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pg 169Editor’s NoteCritical Apparatus23 (20)

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While some were wanting Myrinus, some Triumphus, Caesar, with either hand, promised both alike. He could not have put a better end to the good-natured dispute. How amenable is the disposition of our invincible leader!

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Notes

Critical Apparatus
HTK: v. 4 om. T
Critical Apparatus
Tit. De Myrino et Triumpho HTK
Editor’s Note
Introduction: The spectators are calling for two different contestants to enter the arena; by allowing both to appear, the emperor demonstrates his generosity and sense of fair play.
Were these contestants gladiators or bestiarii? Friedländer argued (ad loc.) that Myrinus and Triumphus were bestiarii, for two reasons. (i) This epigram occurs in the middle of a sequence about animal-displays (Spect. 926). This certainly tells in favour of the interpretation of the protagonists as bestiarii, but it is not a clinching argument, since elsewhere in the collection (particularly Spect. 313) there is considerable fluidity in the categories represented: see General Introduction, Section 5. (ii) Whereas these protagonists were requested individually, gladiators were requested in pairs: cf. Suet. Dom. 4. 1 'praeterea quaestoriis muneribus, quae olim omissa reuocauerat, ita semper interfuit, ut populo potestatem faceret bina paria e suo ludo postulandi.' But Suetonius is describing a unique occasion, since the context is the praetorian games, at which Domitian is being asked a special favour, i.e. to sponsor duels between gladiators from the imperial training-school. In contrast, spectators are indeed known to have called by name for individual protagonists, including gladiators: cf. Suet. Claud. 21. 5 (the gladiator Palumbus) 'qualis est ut cum Palumbum postulantibus daturum se promisit, si captus esset', Suet. Calig. 30. 2 (the latro Tetrinius, damnatus ad bestias) 'cumque Tetrinius latro postularetur, et qui postularent, Tetrinios esse ait.'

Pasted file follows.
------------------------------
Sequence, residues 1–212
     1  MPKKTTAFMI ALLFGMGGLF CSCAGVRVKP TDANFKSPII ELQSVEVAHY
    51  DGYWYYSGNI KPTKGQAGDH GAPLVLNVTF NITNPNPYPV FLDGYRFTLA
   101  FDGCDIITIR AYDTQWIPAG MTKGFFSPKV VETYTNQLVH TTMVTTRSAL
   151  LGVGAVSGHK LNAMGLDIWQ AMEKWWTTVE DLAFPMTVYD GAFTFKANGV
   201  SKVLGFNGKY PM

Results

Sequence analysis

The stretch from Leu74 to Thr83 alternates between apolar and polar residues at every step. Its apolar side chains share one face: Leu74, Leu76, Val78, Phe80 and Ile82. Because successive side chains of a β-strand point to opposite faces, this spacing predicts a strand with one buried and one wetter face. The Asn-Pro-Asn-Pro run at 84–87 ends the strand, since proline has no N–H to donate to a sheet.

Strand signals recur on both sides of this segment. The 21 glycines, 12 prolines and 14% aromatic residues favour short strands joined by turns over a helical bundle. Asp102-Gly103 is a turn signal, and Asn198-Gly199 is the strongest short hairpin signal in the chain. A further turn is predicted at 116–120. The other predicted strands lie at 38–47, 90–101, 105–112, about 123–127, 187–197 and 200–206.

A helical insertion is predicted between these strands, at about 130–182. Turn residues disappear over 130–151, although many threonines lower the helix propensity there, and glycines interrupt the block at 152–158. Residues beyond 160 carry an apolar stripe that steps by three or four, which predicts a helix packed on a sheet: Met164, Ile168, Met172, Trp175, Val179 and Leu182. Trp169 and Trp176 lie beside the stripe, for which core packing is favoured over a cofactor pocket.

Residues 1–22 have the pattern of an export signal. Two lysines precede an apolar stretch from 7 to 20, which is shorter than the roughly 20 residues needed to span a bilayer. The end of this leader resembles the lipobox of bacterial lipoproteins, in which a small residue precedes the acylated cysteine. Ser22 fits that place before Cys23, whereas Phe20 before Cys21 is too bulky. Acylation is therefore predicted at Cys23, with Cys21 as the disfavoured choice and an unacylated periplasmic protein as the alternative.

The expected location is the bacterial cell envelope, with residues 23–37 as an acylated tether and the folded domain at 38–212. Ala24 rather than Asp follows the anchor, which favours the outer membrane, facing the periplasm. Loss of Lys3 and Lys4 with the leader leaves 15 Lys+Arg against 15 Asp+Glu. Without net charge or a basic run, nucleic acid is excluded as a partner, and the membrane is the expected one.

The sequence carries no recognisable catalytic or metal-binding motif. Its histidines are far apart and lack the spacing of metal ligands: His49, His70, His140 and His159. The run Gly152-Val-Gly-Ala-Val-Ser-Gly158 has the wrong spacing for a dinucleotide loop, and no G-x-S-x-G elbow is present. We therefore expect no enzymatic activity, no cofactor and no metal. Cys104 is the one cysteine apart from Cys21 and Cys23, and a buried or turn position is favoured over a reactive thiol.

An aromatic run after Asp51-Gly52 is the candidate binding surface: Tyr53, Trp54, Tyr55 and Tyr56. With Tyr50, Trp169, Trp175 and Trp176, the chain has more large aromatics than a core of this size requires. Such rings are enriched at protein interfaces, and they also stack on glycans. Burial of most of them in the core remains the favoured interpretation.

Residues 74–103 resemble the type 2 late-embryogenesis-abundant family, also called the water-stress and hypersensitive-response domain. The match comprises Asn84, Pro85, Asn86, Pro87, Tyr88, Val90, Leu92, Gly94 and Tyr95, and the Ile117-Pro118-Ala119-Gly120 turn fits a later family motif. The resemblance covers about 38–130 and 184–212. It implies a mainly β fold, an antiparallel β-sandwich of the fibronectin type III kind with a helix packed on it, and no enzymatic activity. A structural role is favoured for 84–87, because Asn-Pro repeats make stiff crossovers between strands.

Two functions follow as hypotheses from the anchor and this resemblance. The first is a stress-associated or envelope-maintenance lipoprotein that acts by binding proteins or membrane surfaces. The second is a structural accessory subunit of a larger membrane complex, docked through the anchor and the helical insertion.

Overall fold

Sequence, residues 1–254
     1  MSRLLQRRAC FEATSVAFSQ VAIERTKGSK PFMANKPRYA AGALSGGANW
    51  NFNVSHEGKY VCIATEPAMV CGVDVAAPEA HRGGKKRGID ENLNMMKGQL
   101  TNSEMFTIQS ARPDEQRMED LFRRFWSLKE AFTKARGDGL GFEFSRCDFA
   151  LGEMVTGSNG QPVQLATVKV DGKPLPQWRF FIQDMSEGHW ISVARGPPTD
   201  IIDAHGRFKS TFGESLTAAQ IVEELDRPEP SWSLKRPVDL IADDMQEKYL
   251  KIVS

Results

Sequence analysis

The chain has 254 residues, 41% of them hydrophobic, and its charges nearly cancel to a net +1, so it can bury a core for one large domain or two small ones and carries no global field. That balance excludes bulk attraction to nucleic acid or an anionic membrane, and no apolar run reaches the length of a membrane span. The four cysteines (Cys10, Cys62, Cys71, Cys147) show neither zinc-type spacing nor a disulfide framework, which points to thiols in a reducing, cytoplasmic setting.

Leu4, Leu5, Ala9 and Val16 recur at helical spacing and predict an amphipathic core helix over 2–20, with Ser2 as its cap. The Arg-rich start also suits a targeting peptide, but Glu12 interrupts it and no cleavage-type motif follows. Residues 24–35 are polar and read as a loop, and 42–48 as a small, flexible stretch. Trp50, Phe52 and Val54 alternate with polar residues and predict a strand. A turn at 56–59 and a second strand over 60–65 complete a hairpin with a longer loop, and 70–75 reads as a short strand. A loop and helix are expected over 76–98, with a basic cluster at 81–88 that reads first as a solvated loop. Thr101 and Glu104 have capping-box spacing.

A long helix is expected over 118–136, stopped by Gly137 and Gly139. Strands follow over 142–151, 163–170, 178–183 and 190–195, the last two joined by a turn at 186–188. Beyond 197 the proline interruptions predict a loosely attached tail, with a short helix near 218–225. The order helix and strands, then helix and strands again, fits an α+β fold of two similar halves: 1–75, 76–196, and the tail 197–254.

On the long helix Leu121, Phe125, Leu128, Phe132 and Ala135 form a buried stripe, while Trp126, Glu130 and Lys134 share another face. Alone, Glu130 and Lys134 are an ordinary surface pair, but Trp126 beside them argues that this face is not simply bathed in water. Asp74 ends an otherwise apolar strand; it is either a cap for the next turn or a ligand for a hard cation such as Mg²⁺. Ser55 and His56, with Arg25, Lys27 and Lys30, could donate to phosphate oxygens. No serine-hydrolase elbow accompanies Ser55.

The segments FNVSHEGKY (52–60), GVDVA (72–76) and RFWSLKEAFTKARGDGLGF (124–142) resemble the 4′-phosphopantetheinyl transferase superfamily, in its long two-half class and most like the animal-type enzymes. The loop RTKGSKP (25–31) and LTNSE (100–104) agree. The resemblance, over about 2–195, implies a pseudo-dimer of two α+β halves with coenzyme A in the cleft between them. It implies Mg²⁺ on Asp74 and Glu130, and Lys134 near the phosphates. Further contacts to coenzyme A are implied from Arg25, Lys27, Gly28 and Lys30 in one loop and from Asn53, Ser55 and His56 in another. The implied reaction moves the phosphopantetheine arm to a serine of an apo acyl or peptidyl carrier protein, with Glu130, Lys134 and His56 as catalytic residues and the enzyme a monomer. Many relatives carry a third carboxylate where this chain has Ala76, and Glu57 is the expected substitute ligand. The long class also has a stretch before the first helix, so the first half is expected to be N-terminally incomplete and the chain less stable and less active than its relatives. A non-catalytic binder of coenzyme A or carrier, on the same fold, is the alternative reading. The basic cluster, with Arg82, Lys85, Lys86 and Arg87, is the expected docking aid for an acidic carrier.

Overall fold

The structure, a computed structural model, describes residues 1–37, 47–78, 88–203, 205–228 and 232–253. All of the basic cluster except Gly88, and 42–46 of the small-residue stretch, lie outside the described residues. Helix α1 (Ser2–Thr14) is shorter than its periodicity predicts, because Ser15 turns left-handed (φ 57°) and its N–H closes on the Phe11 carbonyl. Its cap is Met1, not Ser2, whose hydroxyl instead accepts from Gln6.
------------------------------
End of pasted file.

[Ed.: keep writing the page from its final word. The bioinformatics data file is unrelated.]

The alternative view, that Myrinus and Triumphus were gladiators, requires the following scenario, proposed by Ville (1981: 288 n. 143). An unnamed opponent must have already been chosen to fight against whichever champion should be nominated by the spectators. Hence, when the spectators' favour was divided, the emperor solved the dilemma by excluding the unnamed opponent so that he could present both the favoured champions simultaneously, and pit them against one another. It is attested practice to make two record-holding champions fight each other: cf. Porph. on Hor. Sat. 1. 7. 19–20 'Bythus et Bacchius gladiatores optimi illis temporibus fuerunt. qui cum multos interemissent commissi inter se mutuis uulneribus conciderunt.' It is also noteworthy that if the combatants were pitted against one another (which would not be the case with bestiarii), the witticism in l. 3 is more pointed, i.e. the lis iocosa between the spectators is then replaced by a contest between the participants.